And you know what’s interesting? Many people who are instrumental in this type of behaviour don’t view it as bullying and are completely oblivious to the impact of their actions and behaviour. So stop and think for a moment: how do you behave towards your colleagues and the team you lead? Do you behave in a professional and considerate manner to get the best from the people around you or could your actions sometimes err towards unacceptable? Could your words and behaviour affect someone so adversely that they become anxious at the prospect of coming into work at best or end up feeling so stressed that they take time from work and even feel depressed to the extent of suicidal thoughts at worst?

If any of this rings true, what can you do about it? Have you issues of your own inadequacy that you need to address? Are you merely inexperienced as a communicator or manager and do you need training for your role? Do you have challenges in your personal world which somehow dictate your behaviour at work? Whatever the reason – open your eyes and deal with it; you have a responsibility to yourself and – more importantly – your colleagues and there are plenty of resources available from which to seek help.

What about if you’re on the receiving end? Dealing with workplace bullying is a lengthy subject which can involve procedural and legal avenues, in addition to gaining control of your own feelings and responses – I’ll tackle the latter in more depth in my next blog post about self-esteem and self-confidence. However, you can find lots of helpful information at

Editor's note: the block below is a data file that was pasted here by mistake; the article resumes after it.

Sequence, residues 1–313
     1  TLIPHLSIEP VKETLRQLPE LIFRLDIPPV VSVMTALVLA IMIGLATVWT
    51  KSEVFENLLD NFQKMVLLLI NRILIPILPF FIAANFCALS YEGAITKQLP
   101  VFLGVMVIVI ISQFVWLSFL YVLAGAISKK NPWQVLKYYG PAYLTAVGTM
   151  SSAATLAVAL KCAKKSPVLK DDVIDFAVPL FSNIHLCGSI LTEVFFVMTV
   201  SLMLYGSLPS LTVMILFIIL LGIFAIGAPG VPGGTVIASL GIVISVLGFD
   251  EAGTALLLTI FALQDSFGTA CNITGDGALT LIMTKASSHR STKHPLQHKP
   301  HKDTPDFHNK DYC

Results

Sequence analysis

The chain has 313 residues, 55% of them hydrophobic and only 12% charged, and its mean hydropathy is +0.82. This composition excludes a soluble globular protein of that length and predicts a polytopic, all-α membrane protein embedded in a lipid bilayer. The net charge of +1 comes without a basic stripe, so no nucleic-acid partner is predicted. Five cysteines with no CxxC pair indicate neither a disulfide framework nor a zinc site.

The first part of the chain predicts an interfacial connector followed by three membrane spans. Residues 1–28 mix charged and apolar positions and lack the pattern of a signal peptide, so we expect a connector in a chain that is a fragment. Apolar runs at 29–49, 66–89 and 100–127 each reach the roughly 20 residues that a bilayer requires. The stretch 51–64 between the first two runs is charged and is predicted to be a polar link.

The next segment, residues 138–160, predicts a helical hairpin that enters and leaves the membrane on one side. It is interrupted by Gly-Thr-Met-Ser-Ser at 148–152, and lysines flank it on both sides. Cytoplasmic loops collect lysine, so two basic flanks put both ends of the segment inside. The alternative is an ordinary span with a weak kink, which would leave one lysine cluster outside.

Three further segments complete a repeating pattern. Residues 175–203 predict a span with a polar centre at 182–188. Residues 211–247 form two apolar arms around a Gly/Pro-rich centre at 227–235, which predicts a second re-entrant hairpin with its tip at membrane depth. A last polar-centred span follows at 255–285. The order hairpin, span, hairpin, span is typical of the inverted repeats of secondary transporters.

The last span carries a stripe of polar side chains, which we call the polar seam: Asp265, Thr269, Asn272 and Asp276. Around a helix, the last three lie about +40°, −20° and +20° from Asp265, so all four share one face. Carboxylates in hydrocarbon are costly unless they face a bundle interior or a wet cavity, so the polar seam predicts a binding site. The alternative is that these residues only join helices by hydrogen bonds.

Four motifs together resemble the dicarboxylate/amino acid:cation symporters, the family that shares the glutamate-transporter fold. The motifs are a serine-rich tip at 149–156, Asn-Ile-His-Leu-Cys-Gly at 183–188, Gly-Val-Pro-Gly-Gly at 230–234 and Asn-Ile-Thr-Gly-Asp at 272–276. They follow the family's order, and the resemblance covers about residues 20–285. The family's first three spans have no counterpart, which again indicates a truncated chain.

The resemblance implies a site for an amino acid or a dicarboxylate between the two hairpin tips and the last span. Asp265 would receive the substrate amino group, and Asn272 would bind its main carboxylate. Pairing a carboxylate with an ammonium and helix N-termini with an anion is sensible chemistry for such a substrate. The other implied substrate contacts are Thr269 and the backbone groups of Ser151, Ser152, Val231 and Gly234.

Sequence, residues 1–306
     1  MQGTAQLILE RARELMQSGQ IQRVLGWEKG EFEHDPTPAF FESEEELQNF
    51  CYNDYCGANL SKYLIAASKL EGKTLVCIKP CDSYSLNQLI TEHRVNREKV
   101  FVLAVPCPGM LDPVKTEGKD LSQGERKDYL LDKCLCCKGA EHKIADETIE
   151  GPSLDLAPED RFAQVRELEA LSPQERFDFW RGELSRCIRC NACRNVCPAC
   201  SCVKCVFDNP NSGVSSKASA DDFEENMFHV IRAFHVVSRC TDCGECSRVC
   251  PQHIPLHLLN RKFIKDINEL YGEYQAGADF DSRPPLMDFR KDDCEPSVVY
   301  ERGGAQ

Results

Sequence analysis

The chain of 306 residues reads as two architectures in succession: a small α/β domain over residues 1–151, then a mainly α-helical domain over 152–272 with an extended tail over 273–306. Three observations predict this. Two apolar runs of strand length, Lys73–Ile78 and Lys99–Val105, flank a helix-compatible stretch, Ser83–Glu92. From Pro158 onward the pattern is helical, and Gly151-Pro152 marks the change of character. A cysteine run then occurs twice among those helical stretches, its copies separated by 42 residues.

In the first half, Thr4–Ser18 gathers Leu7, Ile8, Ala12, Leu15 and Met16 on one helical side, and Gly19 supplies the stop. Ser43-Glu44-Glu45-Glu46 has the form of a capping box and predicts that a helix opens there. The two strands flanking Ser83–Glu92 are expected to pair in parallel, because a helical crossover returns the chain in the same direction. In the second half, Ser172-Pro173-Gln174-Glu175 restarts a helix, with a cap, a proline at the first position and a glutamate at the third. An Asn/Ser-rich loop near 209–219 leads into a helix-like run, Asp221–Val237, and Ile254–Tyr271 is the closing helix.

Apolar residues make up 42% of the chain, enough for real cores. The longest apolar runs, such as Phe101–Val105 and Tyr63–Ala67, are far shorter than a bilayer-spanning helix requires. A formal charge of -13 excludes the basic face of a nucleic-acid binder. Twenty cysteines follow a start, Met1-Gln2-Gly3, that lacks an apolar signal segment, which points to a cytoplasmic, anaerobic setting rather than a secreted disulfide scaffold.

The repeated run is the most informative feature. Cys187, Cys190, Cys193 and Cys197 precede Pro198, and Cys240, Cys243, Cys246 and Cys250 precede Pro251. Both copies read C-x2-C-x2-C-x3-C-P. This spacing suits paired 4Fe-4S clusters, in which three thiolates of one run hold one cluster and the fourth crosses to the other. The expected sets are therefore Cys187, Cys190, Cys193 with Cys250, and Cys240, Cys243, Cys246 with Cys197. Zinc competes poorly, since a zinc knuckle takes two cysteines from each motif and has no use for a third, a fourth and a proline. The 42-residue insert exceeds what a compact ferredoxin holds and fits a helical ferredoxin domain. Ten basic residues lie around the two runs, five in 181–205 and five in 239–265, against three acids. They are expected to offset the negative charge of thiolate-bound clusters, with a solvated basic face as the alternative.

Remember also that irrespective of someone else’s behaviour towards you, it is you – and only you – who controls how you allow yourself to feel. It is you – and only you – who is in control of your thinking and behaviour. If over time you’ve been intimidated and worn down by a bully, you may have developed an habitual behaviour akin to submission; you might believe all sorts of negative things about yourself which – if you stop for a moment, take stock, examine and consider from a rational perspective – are actually untrue and have absolutely no substance. If you find yourself in this situation, then it’s time to get rid of the “victim” mentality and take your power back – and that comes from within. That may look like a far away and perhaps inaccessible picture to you right now, however with a few simple techniques which you’ll be hearing about in next week’s blog, you can begin your journey to self-empowerment.

A last tip for this week – check out my post about the effective NLP technique of Anchoring and consider which resourceful state or emotion will help you to successfully feel empowered to deal with a bully; follow the steps in the post and you’ll be happily surprised at how easy it can be to control the way that you feel when faced with any potentially negative situation which you used to view as scary!

Do contact me if you’d like help on an individual basis to tackle some of the issues raised within this post; you can reach me by phone on +44 (0) 7932 060360 or by email if you’d prefer.

Be outstanding …